Washington Racketeering Laws

The word "racketeering" often conjures up images of drug trafficking and organized crime. This comes from the long-time association of crime rings with offenses such as gambling, prostitution, burglary, or other crimes traditionally referred to as "rackets" - hence the term "racketeering." Although there's validity to the association, racketeering is a broad-based crime that includes offenses of all kinds.

Federal prosecutors can use RICO laws to join all of an offender's criminal enterprises and combine them into a single transaction for prosecution. Although racketeering often involves federal crimes, it's also prosecuted through state laws. As in other states, Washington law mirrors the federal RICO laws. Washington's "criminal profiteering" is equivalent to racketeering and includes the commission (or attempted commission), for financial gain, of any one of several crimes listed in the statute.

Explanation of Washington Racketeering Laws

One of the best ways to understand the full extent of the law in a statute is to work with an attorney. However, you can get a solid introduction to the law with an helpful explanation written in plain language. See the chart below for important information about Washington's racketeering laws.

Statutes

Washington Revised Code:

  • Section 9A:82.010 (definitions)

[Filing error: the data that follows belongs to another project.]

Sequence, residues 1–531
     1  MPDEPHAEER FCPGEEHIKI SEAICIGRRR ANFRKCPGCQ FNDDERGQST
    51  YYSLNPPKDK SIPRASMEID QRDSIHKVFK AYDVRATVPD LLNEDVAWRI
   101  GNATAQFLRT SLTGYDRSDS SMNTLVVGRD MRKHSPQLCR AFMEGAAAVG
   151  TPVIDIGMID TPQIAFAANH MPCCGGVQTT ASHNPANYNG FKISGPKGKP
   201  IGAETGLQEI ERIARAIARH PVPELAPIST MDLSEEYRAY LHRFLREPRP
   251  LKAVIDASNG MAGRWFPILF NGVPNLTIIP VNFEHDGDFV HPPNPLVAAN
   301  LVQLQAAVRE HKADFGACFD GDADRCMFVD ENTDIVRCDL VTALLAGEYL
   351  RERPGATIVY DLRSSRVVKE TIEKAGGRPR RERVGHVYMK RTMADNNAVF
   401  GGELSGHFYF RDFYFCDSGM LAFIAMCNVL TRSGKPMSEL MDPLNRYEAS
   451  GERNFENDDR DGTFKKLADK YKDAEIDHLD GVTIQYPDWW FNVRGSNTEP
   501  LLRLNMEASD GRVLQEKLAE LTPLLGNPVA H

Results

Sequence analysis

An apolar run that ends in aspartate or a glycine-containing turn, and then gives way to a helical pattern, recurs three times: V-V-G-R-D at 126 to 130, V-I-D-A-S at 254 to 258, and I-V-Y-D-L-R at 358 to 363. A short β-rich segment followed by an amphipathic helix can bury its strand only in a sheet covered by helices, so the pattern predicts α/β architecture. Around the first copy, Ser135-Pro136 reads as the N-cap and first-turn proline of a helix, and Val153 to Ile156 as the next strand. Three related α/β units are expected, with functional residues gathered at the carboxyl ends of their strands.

• Section 9A:82.080 (use of proceeds of criminal profiteering)
  • Section 9A:82.120 (criminal profiteering lien)

 

Elements of the Crime

 

Pattern of profiteering activity:

  • Engaging in at least 3 acts of "criminal profiteering" within 5 years shows a "pattern of profiteering."
  • The acts of profiteering have the same or similar intent, results, victims, accomplices, principals, victims or methods of commission, or are otherwise interrelated by distinguishing characteristics and must not be isolated events.
  • At least one of the incidents occurred after July 1,1985, and the last of which occurred within 5 years, excluding any period of imprisonment, after the commission of the earliest act of criminal profiteering.

Examples of acts of criminal profiteering include (but aren't limited to) the following:

  • Murder
  • Robbery
  • Kidnapping
  • Forgery
  • Theft
  • Bribery
  • Extortion
  • Gambling
  • Securities fraud
  • Trafficking in stolen property
  • Obstructing investigations
  • Sexual exploitation of children
  • Arson
  • Assault
  • Identity theft

Possible Penalties and Sentencing

The actual penalties will depend on the specific facts of the case and are determined by the Sentencing Reform Act and state guidelines.

Possible penalties may include the following:

  • Incarceration
  • Fines
  • Forfeiture of assets
  • Property liens
  • Restitution to the victims
  • Civil damages

Related Offenses

Washington Revised Code:

Note: State laws are always subject to change through the passage of new legislation, rulings in the higher courts (including federal decisions), ballot initiatives, and other means. While we strive to provide the most current information available, please consult an attorney or conduct your own legal research to verify the state law(s) you are researching.

Washington Racketeering Laws: Related Resources

Worried about Racketeering Charges in Washington? Get an Attorney

The basic feature of racketeering is involvement in continuous criminal activity. If you're being investigated for breaking Washington's racketeering laws, then you're facing harsh consequences if convicted. You should consult with a skilled criminal defense attorney in your area immediately to get a handle on your case and find the best way to fight the charges against you.

Next Steps: Search for a Local Attorney

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